Back overseas on the Isle of Man, multi-instrumentalist Mikie Daugherty tells a different tale with his solo-project Nanaki. Once a full-blown band with many members, Daugherty took the Nanaki moniker to his bedroom and let the music flow, creating the ‘Afterlight’ EP. Unlike the previous artists, Nanaki’s stories are told exclusively through instrumentals, and the narratives are truly left to the listener to discern. Daughterty’s versatility as a musician is incredible, bouncing between rock genres with each song and effortlessly re-imagining his sound in epic four minute bursts. The sophistication is quite evident, especially on the album’s heavier track aptly named “Fuck Spotify”, as Daughterty toys with time signatures and tempo changes.
As an album, it’s completely schizophrenic, but whatever your flavor for rock, one song is bound to speak to you, if not all of them. “Afterlight” is a musicians album, an impressive experiment, and the sum of its parts looks like some sort of interstellar Frakenstein rock monster, with visceral chunks borrowed from a history of post-rock and outer space.
Nanaki – Antisocial Media
Nanaki – Saint Alessa
Singing since the age of 5, Olivia Gilmore is an absolute gem from Hollis, Queens. Drawing inspiration from R&B legends Stevie Wonder, Faith Evans, and Mary J Blige, Gilmore’s raw emotion bleeds through on her latest single “Matrix”. Digging deep, Gilmore confesses that she “wrote this song as candidly as I could in hopes of not only sharing my experience but also encouraging the listener to face their reality head on and decide to let go…” Her vocal prowess takes centre stage, and she’s an absolute powerhouse. It’s beautiful music, channeling the soulful era of 90’s R&B while blending contemporary production elements. Keep an eye on this girl, she only just began her professional career and she’s bound to make a splash.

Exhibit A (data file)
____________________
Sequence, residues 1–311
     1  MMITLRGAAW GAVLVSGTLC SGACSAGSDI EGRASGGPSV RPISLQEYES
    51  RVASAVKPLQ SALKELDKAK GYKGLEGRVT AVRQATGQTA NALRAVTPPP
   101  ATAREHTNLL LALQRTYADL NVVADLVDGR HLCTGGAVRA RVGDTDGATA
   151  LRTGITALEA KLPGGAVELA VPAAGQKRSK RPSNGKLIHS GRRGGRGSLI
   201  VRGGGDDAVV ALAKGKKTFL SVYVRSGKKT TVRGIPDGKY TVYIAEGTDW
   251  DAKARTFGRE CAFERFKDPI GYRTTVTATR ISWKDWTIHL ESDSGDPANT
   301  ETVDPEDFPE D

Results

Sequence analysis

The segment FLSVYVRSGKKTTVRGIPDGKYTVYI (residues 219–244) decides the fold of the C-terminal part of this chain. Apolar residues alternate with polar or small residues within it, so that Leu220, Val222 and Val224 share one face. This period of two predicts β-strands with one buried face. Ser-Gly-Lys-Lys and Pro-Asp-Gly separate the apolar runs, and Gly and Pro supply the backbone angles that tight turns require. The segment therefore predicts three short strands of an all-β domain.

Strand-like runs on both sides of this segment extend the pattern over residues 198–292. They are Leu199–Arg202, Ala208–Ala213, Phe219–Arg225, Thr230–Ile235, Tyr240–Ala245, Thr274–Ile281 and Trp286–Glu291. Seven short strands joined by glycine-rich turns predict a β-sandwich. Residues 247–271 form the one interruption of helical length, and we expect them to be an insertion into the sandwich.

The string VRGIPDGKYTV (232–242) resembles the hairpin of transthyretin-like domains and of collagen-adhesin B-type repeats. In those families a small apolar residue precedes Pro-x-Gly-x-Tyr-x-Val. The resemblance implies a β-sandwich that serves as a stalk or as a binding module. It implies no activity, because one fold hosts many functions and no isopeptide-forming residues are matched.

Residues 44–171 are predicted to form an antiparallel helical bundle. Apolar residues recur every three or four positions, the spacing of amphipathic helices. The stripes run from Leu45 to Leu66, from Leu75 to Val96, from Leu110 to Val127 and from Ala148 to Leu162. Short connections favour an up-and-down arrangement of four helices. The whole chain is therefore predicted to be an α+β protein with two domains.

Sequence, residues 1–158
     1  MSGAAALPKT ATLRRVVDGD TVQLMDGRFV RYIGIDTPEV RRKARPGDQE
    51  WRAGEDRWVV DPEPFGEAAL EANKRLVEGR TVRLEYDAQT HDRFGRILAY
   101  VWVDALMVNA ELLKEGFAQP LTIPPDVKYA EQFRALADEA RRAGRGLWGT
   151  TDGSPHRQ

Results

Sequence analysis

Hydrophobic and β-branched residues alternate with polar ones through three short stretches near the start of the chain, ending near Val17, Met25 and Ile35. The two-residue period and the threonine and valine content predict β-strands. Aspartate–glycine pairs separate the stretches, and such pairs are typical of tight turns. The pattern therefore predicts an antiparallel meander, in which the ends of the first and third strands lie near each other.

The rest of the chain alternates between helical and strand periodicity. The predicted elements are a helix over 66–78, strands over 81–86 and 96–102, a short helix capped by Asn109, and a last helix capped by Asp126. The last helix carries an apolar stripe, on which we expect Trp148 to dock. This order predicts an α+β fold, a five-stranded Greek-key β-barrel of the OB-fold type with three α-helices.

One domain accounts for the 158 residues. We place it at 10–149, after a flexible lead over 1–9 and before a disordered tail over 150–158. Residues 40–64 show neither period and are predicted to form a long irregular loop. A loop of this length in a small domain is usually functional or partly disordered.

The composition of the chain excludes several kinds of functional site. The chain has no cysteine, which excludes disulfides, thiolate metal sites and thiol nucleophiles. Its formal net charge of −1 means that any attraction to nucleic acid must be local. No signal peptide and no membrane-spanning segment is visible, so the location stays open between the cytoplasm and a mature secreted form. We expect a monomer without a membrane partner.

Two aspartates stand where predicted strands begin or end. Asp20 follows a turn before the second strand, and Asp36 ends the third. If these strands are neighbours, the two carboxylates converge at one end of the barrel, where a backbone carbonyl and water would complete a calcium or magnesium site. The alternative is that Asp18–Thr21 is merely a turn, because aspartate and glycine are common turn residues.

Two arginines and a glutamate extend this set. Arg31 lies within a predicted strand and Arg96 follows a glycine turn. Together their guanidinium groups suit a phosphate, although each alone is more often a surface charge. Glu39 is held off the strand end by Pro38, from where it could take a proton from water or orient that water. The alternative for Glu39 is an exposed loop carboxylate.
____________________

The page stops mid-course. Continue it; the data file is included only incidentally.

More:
UK five-piece The Sherpas just released their latest single “Six Steps”, coupled with an extremely bizarre and somewhat frightening video presumably shot in someone’s basement. There’s been a bit of a funk rebirth in the UK as of late, and the Sherpas are one the bands leading us up the mountain of funkadelic, 70’s/80’s infused alt-rock. This one is a real hand clapper, and Pierre Roxon’s eclectic vocals are a standout. The Sherpas are a relatively new band having a hell of a lot of fun, so keep an eye on these gents as they flesh out their sound.
The Sherpas – Six Steps
I’m a sucker for alt rock with unexpected classical instruments (see Raleigh), and it’s not very often that you happen across a band with such a complete sound sporting a mandolin. But lo, we have the Virginian duo Feral Conservatives, with their release 2-song EP release “A D”. Rashie Rosenfarb absolutely kills it with her lofty vocals and melodic mandolin plucks, and rarely have I come across a band so fresh and so new with such polish. There is a delicate balance achieved between Rashie and her bandmate Matt Francis, who’s fuzzy guitars mesh ever so gently with the soft, lush vibrance of Rashie’s mandolin. It’s a versatile sound, and certainly not as tender as one might expect. There’s an sharp edge to the Feral Conservatives, a dipolarism that can be dissected from both their name, their album cover, and their sound. And like yin and yang, Rosenfarb and Francis complete each other beautifully.
Check out their bandcamp here
Feral Conservatives – Wait For Me
Feral Conservatives – Complacent
And that wraps up this edition of the Indie International! Thanks for listening, and remember,
Always stay for the openers.